# Demystifying Levels, Curves, and the Histogram

Ok, so this tutorial is going to get a little more technical and theoretical, but I promise I’ll try to make it as easy as possible. To start with I’m going to describe what the Histogram is and why you should care about it (No really, it is your friend!!). Then we are going to dive into using Levels and Curves to adjust the tonal range in an image in order to enhance it. These are the very basics of image color and tonal adjustments.

The Histogram in Photoshop is essentially the same thing that is built into the interface of most DSLR cameras. You’ve probably seen it, but may have wondered what in the world this mountain range really meant. In its most simple form, any histogram represents the frequency of occurrence of some set of information. In photography…it shows us how many pixels in our image are black, white or any tone in between. Pure black is on the left and white is on the right. For a very basic example – say you have an image that is just four pixels – a simple square with one black, one white and two gray pixels. A simplified Histogram for this image would look like this:

In Photoshop the Histogram represents the tonal value of every pixel in the image, so what you’re actually looking at is millions of little bars stacked on top of each other – each mountain peak is indicating where a relatively larger number of pixels fall in the scale from black to white. If you have a massive mountain jammed all the way to right in your histogram, it is saying that your image is predominantly composed of white or near-white pixels…which may mean it’s over-exposed.

So is that bad? Well…it all depends really. Ultimately the idea of evening out the values across the histogram is just a suggestion and it’s up to you to decide what the image should look like, but understanding what the histogram is telling you can be a huge advantage in getting your images just right. High-key photos will be mostly leaning to the right while low-key images will have a greater proportion of dark pixels. The key is that you should still have a slight amount of information in the full range and the histogram will tell you if you are losing detail in any of the extremes.

So let’s make a simple image and start to learn how Levels and Curves affect the image and its Histogram. Start by creating a new image, and make it just 3 pixels by 3 pixels. You’ll get a teensy tiny square. Zoom in on this as far as possible (hit Ctrl/Cmd + 0). Now get your pencil tool and put one black pixel in the lower left corner of your square. Next, pick a dark gray and pencil that into one pixel above and to the right of the black one. Select a medium gray and put that in the upper left pixel, center pixel and lower right pixel. Finally, using a light gray fill in the top-center and right-center pixels, leaving the upper-right pixel white. You should have a rough gradient from black to white and a histogram that has a few bars in the middle and one all the way to the left and one to the right, like this:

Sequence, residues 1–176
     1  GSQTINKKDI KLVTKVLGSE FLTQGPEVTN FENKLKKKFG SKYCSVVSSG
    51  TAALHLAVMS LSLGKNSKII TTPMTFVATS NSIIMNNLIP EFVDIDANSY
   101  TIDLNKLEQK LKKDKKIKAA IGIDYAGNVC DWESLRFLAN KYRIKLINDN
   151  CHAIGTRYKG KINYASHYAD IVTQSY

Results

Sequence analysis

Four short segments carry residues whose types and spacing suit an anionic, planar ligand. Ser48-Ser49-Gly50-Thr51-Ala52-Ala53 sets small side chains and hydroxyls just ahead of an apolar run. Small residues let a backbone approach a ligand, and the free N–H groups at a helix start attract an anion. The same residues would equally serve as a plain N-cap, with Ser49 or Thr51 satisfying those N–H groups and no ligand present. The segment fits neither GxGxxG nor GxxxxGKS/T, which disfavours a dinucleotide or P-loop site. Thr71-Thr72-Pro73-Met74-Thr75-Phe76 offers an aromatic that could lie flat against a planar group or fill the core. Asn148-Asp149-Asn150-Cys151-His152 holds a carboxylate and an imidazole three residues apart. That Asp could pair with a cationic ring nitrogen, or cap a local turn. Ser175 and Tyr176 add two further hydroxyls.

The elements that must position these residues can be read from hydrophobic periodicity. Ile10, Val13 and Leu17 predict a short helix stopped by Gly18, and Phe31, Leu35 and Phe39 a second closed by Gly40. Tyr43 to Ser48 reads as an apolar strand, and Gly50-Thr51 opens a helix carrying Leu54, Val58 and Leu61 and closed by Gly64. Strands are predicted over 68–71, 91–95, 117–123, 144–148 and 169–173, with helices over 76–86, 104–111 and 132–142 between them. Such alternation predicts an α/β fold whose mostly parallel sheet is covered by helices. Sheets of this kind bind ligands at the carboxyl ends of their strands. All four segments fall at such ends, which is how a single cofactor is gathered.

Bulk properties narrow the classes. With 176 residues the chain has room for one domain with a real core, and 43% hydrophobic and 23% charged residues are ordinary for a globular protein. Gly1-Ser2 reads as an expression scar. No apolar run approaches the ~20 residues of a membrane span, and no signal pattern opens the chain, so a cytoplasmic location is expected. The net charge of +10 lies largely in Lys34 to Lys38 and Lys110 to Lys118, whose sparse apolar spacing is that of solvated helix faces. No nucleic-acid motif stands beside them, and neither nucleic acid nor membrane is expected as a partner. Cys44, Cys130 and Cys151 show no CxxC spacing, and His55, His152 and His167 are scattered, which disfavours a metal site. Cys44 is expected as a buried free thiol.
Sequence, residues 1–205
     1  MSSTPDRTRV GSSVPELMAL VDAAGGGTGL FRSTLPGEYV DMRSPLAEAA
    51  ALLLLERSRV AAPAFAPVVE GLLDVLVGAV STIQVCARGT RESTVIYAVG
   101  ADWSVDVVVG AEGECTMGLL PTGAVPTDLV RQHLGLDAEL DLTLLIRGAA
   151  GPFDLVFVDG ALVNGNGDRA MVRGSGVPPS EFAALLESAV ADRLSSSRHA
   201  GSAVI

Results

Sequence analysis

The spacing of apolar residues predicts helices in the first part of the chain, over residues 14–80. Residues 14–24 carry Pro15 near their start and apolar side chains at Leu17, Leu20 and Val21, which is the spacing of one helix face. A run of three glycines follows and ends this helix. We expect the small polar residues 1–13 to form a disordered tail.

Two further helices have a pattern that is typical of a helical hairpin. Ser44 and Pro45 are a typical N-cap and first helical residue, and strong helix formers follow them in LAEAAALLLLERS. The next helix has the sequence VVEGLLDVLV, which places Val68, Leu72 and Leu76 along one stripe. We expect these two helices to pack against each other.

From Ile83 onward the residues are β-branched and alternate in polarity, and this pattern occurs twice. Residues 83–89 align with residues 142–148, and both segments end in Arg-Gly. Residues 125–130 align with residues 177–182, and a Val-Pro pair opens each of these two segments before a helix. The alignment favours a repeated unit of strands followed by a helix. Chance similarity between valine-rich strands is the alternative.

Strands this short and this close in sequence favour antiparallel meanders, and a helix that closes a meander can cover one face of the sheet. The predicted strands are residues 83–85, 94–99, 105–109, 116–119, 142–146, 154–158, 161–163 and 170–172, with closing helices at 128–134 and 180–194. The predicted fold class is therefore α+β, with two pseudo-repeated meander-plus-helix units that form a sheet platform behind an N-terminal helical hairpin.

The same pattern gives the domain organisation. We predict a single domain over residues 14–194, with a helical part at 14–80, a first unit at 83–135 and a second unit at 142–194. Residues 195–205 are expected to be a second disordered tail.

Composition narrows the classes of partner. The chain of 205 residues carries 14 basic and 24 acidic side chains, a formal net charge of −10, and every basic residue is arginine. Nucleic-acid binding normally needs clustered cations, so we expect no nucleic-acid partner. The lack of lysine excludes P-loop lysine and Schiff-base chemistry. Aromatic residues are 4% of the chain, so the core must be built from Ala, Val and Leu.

The bars are telling you where in the range from black to white the pixels in your image fall.

So what’s that really doing? Well, those sliders tell Photoshop where to “map” black, white and middle gray in your image. If you open an image and it looks just mostly gray, you probably don’t have many black or white values, and pulling the sliders in essentially stretches the tonal range of the image to include more black and white (you’ll see this in the example image soon). Moving the gray slider will brighten or darken the image without destroying your shadows or highlights.

The output sliders at the bottom have a slightly different effect. If you experiment with them you will note that they actually reduce contrast and fade the black or white values. If you slide the black slider left, your image will be all very light grays and white. I honestly very rarely use the output sliders except for a few very particular cases. Finally, you will notice there are three little “eye-dropper” tools in the Levels window. These are useful for quickly picking in your image where the black, middle-gray and white points should be. Pick the white eye-dropper and click on the center middle-gray pixel. You will see that all the middle gray and lighter gray pixels are set to white. If you click back on your original white pixel in the upper-right everything returns to normal. Go ahead and experiment with the eye dropper tools noting the changes that occur when you pick different points.